OTUKE – Persistent reduction of Shea nuts yield is worrying Otuke farmers. Otuke, being among districts in Uganda with high Shea nuts production, has continued to produce less fruits for the last consecutive years, compared to early years; something which has left farmers who largely depend on the enterprise to panic.
If this trend is not checked, a large section of residents who depend on Shea nuts for livelihoods will be affected. These were concerns raised by the LC 3 Chairman of Alango Sub County, Atiko Christopher, during an exclusive interview with theCooperator on Monday.
“If the trend does not change, it will affect the income of locals who depend on selling Shea products for livelihood for instance Arwot-konya and Can-dag-nyeko group, all in Alango Sub County that are currently producing soap, shea butter, lotion and jellies from shea nuts,” he said.
Atiko said his area has registered persistent low production of Shea nuts for the last three years which has not only affected the livelihoods of people but also affected local revenue remittance hence compromising service delivery.
“I am not a trained environmentalist but I know the persistent reduction in the yields is due to climate change which has caused heavy rains especially at flowering stages hence destroying flowers and the buds.” he said attributing low yield to excessive use of chemicals.
A kilogram of dry shea nuts is sold at Shs 1,000, and a litre of shea nut oil goes for Shs 17,000. The shea trees bear fruit which takes four to six months to ripen. Each tree gives an average yield of 15 to 20kg of fresh fruits, with an optimum yield of 45kgs.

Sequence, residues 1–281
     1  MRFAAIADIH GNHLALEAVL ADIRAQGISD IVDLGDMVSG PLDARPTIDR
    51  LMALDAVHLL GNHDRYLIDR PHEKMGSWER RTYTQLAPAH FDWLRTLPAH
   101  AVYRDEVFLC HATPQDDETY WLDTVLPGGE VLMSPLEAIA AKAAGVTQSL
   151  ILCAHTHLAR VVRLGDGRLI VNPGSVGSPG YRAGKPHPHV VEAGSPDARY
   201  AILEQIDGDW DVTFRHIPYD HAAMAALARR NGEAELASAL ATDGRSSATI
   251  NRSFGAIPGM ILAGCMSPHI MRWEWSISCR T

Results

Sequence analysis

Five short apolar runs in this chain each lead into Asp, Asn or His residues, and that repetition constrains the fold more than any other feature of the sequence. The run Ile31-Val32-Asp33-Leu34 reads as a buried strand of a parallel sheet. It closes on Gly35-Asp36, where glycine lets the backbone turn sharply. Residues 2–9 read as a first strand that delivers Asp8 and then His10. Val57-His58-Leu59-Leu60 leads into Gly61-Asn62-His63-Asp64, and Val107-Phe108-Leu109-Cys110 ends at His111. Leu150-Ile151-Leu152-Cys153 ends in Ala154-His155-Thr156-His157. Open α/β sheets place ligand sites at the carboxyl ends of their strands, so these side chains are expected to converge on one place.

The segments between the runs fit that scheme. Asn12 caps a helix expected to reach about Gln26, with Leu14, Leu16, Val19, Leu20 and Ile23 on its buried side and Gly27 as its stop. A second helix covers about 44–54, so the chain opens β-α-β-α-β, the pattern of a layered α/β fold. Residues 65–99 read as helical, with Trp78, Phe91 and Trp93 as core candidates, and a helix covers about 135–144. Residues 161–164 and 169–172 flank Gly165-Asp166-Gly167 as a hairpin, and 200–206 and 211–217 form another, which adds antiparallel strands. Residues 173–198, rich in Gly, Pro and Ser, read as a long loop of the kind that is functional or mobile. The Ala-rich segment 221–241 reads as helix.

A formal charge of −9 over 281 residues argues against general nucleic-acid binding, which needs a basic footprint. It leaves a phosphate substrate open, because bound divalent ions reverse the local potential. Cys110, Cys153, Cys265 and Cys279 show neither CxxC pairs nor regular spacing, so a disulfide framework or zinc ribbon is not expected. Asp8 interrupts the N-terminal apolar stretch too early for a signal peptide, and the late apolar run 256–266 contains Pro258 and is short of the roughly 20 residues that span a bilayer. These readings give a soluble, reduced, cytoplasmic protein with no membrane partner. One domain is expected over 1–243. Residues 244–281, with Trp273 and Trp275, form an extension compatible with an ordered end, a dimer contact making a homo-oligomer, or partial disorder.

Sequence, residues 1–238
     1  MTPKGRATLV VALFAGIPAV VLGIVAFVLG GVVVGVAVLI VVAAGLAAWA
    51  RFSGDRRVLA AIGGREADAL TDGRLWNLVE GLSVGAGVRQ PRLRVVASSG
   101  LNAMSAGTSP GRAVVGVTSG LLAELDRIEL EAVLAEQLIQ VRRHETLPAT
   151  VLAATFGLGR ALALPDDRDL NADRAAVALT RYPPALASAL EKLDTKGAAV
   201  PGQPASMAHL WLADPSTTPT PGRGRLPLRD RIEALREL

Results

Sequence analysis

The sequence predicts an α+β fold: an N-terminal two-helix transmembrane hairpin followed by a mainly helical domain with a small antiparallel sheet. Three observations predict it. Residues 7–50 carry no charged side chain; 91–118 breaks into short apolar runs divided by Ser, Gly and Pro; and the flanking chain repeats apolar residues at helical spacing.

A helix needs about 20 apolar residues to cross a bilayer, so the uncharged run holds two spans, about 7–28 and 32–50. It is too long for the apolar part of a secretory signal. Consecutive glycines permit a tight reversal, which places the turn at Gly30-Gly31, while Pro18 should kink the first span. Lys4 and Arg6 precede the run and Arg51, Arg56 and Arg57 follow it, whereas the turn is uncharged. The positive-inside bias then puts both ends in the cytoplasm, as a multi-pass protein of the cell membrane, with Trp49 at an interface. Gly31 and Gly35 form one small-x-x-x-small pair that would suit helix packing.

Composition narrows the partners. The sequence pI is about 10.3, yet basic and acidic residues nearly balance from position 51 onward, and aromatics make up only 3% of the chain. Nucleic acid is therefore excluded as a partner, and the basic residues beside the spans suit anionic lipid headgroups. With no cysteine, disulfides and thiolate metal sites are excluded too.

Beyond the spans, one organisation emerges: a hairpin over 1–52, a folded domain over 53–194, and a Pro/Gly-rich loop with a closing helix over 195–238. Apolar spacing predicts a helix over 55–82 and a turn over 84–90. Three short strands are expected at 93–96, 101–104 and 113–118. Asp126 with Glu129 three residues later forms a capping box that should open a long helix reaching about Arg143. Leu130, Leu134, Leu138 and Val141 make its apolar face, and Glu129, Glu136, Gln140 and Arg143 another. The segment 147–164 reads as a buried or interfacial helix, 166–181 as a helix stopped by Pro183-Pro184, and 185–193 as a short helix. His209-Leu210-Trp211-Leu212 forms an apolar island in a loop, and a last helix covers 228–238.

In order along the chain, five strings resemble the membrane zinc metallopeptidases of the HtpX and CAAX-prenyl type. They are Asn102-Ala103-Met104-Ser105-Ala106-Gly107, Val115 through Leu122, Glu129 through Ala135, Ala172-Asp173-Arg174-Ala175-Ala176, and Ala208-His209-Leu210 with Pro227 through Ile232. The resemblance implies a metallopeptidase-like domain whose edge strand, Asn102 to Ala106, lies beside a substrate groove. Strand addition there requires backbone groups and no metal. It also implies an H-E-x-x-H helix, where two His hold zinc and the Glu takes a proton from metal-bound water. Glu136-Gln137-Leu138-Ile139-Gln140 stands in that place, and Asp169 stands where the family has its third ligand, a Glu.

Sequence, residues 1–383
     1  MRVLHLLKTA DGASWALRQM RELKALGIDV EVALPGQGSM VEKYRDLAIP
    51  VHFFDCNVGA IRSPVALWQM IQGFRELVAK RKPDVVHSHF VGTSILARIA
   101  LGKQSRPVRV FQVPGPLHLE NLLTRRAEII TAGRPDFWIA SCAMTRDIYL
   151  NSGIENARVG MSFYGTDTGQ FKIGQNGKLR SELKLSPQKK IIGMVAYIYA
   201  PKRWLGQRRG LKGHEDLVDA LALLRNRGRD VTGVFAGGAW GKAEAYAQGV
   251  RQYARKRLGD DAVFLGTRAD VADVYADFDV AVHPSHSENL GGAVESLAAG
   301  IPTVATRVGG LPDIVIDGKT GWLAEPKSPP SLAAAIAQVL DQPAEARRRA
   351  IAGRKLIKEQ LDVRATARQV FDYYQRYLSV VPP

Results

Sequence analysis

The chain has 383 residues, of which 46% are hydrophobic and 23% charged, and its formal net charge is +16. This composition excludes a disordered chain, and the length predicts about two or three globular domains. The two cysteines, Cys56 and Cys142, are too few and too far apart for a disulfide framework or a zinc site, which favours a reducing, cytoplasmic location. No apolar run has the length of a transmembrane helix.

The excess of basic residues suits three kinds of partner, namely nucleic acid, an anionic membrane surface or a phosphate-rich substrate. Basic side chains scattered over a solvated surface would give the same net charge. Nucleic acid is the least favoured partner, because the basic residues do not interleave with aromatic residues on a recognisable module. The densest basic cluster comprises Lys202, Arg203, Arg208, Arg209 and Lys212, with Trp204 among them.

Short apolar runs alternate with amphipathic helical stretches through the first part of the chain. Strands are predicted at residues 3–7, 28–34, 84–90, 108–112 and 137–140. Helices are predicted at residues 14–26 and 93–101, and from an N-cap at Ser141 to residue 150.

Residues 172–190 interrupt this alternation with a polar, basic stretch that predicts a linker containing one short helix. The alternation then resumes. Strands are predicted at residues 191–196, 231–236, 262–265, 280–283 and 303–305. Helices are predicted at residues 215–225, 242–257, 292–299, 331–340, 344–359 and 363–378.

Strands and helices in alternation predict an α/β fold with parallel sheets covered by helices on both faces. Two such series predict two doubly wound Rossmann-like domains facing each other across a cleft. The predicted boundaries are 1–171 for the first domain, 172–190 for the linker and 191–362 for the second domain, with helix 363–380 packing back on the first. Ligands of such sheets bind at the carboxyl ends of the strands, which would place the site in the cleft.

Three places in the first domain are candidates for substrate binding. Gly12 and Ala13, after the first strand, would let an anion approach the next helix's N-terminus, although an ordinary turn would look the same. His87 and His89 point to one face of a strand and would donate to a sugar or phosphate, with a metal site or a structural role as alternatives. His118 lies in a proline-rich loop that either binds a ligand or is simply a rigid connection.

A kilogram of the fruit produces around 400 grammes of dry seeds. The fruit, which is green in color, has a fleshy edible pulp rich in vitamins and minerals and not lacking in protein either.
The Shea nut tree found in Acholi, Lango, West Nile and Karamoja, for many years remained a part of traditional dishes.
Increasingly, Ugandans have started seeing the shea tree as more than a source of baby oil and food.
“There is increased recognition of the shea tree as a source of income because many products have been developed such as shea butter cosmetics, lotion, bar soap, hair food and oil, lip balm, lip shine,” says an expert.
A call for Research
Leaders in Otuke district are now calling for a research on Shea trees following the report of persistent reduction of Shea nut yields.
Abola Francis, the District Chairman of Otuke, says they can’t explain why the Shea trees are producing fewer fruits for these three consecutive years; it should be scientifically proven. Abola, who is also the Secretary Production and Marketing, says there is a need for scientists to carry out research on Shea trees to find out the cause of low yields and devise solutions thereafter.
“Farmers can’t predict what exactly is happening but with the help of research, they can pinpoint why they are consistently producing good or bad yields, if the research is done, the problem of low harvests will be addressed,” he noted.
The District Natural Resource Officer of Otuke, Anyuru Thomas says the matter can only be explained by a tree specialist from the National Forestry Authority. He said he would want the Zonal Agricultural Research Development Institute to help them come up with grafted Shea tree species and also help guide the farmers on what to do with Shea trees which are getting old and cannot produce many nuts.
Farmers cry foul
Apio Veronika, a farmer and a member of Arwot-konya Cooperative Society in Alango Sub County Otuke district, like several other women wakes up early morning to collect money-spinning shea nuts every day.
The mother of three has been gathering the nuts for the last 10 years. However, with the low production she says her savings have drastically gone down.
Another farmer Okello John Bosco says those who cut down shea trees for charcoal burning are to be blamed for low shea nut production.
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